Medicare Part B covers medically necessary medical and preventative services. These include medical supplies and services such as durable medical equipment like a wheelchair or oxygen tank, diabetic supplies, and medical services required to diagnose and treat medical conditions such as an MRI or CT scan, lab work, and radiation services. Other covered medically necessary services include clinical research, ambulance services, mental health services inpatient, outpatient, and partial hospitalization, and prescription drug coverage. In 2023, the standard monthly premium for Medicare Part B was $164.90, which is automatically deducted from either your social security benefits payment, railroad retirement board benefit payment, or the Office of Personnel Management benefit payment. If you don’t get any of the benefits mentioned, you will get a monthly bill from Medicare. Medicare Part B also comes with a deductible. In 2023, the Part B deductible was $226. After you meet the deductible, you typically pay 20% of the cost of the Medicare-approved amounts for your doctor services, outpatient therapy, and medical equipment.
What is Not Covered?
Medicare Part A and Part B do not cover everything. They do not cover long-term care, dental, vision and hearing care, foot care, and acupuncture. Acupuncture may not be your most pressing issue. Still, if you need dentures, implants, fillings, an ear or eye exam, glasses, or hearing aids, these benefits are not provided with your original Medicare (Part A and B). This is where Medicare Part C, a Medicare Advantage plan, becomes helpful in fulfilling your healthcare needs. Senior Healthcare Advisors is dedicated to finding available enrollment periods to help you get into the best Medicare Advantage plan for your needs.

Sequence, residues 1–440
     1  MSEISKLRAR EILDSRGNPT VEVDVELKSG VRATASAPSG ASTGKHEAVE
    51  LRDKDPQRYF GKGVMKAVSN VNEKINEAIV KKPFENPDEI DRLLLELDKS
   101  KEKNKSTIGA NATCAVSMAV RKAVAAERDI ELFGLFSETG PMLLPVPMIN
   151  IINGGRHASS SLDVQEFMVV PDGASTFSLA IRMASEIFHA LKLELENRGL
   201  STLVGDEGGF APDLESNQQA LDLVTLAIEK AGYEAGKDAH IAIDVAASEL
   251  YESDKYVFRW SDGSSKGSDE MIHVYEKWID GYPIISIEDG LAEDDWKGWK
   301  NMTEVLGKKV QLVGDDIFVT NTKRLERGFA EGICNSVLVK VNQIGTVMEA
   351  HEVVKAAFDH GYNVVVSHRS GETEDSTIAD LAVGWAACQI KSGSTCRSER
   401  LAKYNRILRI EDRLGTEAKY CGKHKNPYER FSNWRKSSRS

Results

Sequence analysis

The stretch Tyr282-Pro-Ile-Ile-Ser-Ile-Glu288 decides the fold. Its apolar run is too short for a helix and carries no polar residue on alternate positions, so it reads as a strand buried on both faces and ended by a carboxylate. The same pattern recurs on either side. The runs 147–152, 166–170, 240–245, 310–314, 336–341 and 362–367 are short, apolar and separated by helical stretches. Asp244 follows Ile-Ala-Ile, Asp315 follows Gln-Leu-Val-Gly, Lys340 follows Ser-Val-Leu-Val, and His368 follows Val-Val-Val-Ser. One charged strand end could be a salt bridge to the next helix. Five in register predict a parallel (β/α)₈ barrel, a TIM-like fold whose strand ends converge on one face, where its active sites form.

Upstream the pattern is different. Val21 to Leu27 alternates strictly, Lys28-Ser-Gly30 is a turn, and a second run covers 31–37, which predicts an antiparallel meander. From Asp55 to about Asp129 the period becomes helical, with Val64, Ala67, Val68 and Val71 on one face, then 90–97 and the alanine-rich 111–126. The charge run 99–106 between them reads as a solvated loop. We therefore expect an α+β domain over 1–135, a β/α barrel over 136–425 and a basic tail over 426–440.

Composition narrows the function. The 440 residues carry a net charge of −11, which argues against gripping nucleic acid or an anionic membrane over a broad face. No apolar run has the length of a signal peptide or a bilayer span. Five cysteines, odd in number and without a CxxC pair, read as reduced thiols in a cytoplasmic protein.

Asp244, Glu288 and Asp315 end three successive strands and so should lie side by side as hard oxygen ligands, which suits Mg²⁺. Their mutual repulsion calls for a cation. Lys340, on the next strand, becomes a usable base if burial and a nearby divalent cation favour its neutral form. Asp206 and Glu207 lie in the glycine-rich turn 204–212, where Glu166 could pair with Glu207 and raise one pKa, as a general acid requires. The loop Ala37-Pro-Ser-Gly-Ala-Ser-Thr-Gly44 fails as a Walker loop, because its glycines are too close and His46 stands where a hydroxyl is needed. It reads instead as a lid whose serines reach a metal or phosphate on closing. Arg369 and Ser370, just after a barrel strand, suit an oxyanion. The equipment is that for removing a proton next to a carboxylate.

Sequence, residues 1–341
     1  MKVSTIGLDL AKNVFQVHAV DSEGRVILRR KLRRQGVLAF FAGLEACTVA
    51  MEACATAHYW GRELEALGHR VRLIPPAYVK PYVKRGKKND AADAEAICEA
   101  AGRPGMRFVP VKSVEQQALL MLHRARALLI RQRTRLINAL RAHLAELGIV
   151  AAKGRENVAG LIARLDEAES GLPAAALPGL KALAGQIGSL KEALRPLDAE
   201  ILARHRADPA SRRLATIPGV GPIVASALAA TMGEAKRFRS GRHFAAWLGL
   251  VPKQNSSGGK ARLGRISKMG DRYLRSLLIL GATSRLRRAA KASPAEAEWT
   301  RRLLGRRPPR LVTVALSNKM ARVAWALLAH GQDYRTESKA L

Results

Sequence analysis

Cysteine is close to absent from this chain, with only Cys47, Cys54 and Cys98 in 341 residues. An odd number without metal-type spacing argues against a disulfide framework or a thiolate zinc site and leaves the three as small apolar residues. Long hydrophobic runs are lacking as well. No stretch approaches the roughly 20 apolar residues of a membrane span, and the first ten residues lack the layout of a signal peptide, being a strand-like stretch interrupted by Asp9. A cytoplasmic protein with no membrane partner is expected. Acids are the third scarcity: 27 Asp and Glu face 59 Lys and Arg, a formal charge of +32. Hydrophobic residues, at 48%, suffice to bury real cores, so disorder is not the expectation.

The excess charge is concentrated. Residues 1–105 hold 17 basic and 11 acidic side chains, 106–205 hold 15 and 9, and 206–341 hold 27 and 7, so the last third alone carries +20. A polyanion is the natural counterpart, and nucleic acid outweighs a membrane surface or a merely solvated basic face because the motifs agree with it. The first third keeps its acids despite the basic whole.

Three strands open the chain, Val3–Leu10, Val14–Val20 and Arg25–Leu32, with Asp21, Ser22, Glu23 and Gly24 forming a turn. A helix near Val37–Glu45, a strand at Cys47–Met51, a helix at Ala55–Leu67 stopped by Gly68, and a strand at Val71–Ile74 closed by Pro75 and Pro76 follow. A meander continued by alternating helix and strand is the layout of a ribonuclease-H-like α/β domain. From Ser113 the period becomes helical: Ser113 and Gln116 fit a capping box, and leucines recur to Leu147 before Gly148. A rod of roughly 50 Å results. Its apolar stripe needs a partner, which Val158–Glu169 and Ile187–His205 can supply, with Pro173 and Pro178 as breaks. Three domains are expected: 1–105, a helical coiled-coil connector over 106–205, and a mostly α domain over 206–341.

Medicare Part C – Medicare Advantage Plan
Medicare Advantage plans or Part C are “all-in-one” plans offered by private insurance companies contracted with Medicare. You still have Original Medicare (Parts A and B) when you join a Medicare Advantage plan. However, you receive your A and B benefits through a private insurance company. These plans bundle your Medicare Part A, Part B, and Part D (prescription drug plan) into a Medicare Advantage plan with prescription drug coverage or “MAPD” plan. In addition to the core A, B, and D, these plans add additional benefits like a gym membership, home-delivered meals, Part B giveback, hearing, dental and vision, over-the-counter spending allowance, and much more. Most MAPD plans have additional benefits on top of the Part B premium that may be available to you.
Medicare Part D – Prescription Drug Plan
Medicare Part D, also “a stand-alone” prescription drug plan (PDP), provides coverage for your prescription drugs. When you have a Part D drug plan, you pay the cost of the premium, yearly deductible, copayments or coinsurance, cost in the coverage gap, and cost if you pay a late enrollment penalty—qualifying for Extra Help (Low Income Subsidy), shields you from these payment responsibilities, leaving only small copays for some medications. A late enrollment penalty is applied to your prescription drug coverage in the future if you had a period in lapse coverage for prescription drugs and did not have other prescription coverage as good as Medicare’s. If you have a penalty, you will be notified by Medicare or Social Security. When you get Extra Help, you do not have to pay this penalty. If you don’t get Extra Help and you don’t agree with or cannot afford the sentence, you can apply for a “reconsideration.” You must continue to pay the penalty until a decision is made on your appeal.
***Disclaimer: This is for educational purposes only and is not intended to replace the advice of your doctor or other health care provider. We encourage you to discuss any further questions or concerns you may have with your provider.***